That'll sort it right?

 
I tend to doubt it.
 
The 'bolt' would have no doubt distorted the hole, so getting a good vacuum tight seal could very much be an issue.
 
I wouldn't try to Braze it and given the Carb body is an Aluminium Alloy, I don't think you'd be able to. Loctite is simple, effective and safe

I meant if I was to replace it with a brass bolt of the same thread.

And braze it to that?

#12 tiger99

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Posted 20 July 2016 - 04:24 PM

Why are you so insistent on brazing? Loctite, or failing that, epoxy adhesive, will not harm the carburettor, but brazing most probably will, as has been explained already.

#13 Albino_Hedgehog

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Posted 20 July 2016 - 04:29 PM

Why are you so insistent on brazing? Loctite, or failing that, epoxy adhesive, will not harm the carburettor, but brazing most probably will, as has been explained already.


I was just pointing out that I would be intending to braze the bolt and not the actual carburettor.

#14 Moke Spider

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Posted 20 July 2016 - 08:11 PM

 

Why are you so insistent on brazing? Loctite, or failing that, epoxy adhesive, will not harm the carburettor, but brazing most probably will, as has been explained already.


I was just pointing out that I would be intending to braze the bolt and not the actual carburettor.

 

 

Ah, OK.

 

Yes, I don't see why the tube couldn't be brazed to the 'bolt', though you'll only need very low heat.

 

Like tiger, I thought you were trying to Braze the Carb body, which would be a challenge.



#15 Ethel

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Posted 21 July 2016 - 01:20 AM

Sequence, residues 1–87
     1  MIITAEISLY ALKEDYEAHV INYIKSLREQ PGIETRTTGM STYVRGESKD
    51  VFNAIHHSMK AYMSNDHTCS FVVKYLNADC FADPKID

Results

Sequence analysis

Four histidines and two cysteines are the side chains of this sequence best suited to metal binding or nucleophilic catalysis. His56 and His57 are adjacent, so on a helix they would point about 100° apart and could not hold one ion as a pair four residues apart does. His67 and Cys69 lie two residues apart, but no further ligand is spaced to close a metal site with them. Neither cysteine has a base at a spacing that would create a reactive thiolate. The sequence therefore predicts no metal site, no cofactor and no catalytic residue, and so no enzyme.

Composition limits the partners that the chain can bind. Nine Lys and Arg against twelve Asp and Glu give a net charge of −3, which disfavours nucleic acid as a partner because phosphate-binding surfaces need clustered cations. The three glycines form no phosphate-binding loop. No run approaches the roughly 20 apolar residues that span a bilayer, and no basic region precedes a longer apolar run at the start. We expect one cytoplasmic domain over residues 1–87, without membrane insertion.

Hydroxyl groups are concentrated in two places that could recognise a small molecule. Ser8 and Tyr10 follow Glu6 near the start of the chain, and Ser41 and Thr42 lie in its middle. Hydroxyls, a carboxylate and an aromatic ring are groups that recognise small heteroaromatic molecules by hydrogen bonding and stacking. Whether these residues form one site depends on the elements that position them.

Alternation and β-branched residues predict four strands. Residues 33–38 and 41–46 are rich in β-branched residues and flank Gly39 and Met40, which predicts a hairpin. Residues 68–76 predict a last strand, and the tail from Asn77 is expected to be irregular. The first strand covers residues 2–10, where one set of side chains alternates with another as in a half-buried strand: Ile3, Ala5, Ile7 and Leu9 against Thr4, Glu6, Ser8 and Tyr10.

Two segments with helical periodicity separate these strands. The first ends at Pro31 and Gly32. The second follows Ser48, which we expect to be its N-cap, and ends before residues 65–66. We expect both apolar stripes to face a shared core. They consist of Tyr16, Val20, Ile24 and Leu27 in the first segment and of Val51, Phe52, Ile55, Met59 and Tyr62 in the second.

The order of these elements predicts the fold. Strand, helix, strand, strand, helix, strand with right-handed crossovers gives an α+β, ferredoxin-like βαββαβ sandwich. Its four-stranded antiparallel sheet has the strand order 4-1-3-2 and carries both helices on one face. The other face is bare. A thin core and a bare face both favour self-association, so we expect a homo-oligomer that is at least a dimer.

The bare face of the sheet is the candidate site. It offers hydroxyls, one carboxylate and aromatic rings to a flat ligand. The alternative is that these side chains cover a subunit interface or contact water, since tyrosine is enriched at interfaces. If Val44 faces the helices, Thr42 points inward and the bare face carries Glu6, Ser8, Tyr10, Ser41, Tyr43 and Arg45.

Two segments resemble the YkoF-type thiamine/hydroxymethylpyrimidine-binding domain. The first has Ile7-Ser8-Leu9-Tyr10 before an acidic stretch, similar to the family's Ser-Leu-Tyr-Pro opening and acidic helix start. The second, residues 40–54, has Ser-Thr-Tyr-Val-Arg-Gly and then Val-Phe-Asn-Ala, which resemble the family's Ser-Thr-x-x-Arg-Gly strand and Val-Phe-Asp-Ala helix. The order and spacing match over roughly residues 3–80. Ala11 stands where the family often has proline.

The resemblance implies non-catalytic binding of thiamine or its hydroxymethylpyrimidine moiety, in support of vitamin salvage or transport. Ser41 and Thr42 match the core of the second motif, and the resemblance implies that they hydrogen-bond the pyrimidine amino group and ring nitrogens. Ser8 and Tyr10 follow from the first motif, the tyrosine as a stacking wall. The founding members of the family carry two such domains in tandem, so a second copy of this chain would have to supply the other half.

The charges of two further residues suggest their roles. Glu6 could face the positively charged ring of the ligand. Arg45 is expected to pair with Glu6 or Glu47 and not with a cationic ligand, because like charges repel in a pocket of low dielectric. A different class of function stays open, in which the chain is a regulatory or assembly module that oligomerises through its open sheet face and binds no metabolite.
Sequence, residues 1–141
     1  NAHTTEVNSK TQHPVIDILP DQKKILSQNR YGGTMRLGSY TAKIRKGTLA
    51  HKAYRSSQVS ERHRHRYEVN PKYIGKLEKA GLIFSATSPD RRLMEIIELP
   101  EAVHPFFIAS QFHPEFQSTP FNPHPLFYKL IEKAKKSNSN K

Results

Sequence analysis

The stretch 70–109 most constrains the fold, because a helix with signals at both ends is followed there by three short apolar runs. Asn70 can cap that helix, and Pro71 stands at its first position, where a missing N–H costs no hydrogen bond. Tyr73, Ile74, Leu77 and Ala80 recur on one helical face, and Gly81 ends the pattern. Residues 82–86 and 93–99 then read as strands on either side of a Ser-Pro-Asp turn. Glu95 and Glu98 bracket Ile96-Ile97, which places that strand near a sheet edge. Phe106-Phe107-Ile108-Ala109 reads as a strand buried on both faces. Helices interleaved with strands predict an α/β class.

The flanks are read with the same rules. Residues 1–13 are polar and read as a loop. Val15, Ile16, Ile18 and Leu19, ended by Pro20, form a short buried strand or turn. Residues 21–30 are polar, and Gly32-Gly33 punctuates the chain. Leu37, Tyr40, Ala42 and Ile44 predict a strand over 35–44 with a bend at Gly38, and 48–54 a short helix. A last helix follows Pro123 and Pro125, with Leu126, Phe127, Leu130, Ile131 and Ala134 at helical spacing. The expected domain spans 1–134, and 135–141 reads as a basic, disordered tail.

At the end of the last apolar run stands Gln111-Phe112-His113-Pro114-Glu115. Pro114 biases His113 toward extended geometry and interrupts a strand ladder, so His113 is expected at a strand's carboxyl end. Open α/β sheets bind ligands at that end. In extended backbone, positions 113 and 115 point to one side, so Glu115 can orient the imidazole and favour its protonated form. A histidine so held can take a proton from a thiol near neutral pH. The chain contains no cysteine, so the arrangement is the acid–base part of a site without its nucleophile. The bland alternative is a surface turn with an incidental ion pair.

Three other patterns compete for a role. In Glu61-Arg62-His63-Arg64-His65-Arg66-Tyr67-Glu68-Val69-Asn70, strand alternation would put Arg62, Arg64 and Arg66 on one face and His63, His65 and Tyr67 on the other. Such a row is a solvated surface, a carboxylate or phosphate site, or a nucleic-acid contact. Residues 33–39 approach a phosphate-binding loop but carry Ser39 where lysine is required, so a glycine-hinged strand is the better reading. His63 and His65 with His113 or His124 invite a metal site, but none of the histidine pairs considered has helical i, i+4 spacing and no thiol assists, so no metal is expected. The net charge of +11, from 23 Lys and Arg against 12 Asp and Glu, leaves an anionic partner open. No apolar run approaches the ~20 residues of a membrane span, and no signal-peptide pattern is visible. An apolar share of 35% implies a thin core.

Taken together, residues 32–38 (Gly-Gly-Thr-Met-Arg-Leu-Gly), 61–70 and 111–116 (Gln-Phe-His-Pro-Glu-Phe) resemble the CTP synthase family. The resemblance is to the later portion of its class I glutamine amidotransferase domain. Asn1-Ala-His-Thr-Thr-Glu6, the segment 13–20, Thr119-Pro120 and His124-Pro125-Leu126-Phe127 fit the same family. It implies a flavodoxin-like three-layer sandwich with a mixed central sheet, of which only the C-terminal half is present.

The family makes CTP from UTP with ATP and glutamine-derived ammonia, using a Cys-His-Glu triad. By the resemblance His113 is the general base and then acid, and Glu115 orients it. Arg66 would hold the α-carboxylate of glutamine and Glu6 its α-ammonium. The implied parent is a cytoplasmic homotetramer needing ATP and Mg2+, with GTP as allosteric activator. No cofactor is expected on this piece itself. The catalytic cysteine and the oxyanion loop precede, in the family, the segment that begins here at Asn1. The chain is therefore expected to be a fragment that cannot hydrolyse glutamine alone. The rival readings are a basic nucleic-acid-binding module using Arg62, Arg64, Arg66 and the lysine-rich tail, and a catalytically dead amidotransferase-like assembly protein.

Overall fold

I doubt the butterfly will perform like a switch - it might even increase the vacuum by Bernoulli effect???

 

 

"On many cars it is found desirable to use vacuum operated ignition advance to obtain optimum part throttle consumption figures. The take-off point for this vacuum is arranged slightly to the air intake side of the butterfly, and in such a position that opening the butterfly allows the throttle disc to pass over the vacuum take-off point so that it then communicates with the manifold depression. By this means the vacuum is small at the distributor during idling and full throttle conditions, and is large at part throttle, being at a maximum when the throttle is open a few degrees."

 

http://sucarb.co.uk/...su-carburetters

 

Scroll down a little less than about 1/4 way down the page.

 

If I remember tomorrow, I'll snap off some photos to show the difference between the HS and the HIF series in this regards.

 

<EDIT: Still not sure? Connect a vacuum gauge to the Vac Advance take off Port on a HS Carb, that'll show what's what. >

 

Ta, I have an idea of the theory and don't doubt SU made it work. I'm just curious about the actual application, if I had a running carb'd engine I'd be tempted to experiment as you suggest. I was wondering if the Hif was an improvement on the same theme or an attempt to do something a bit different.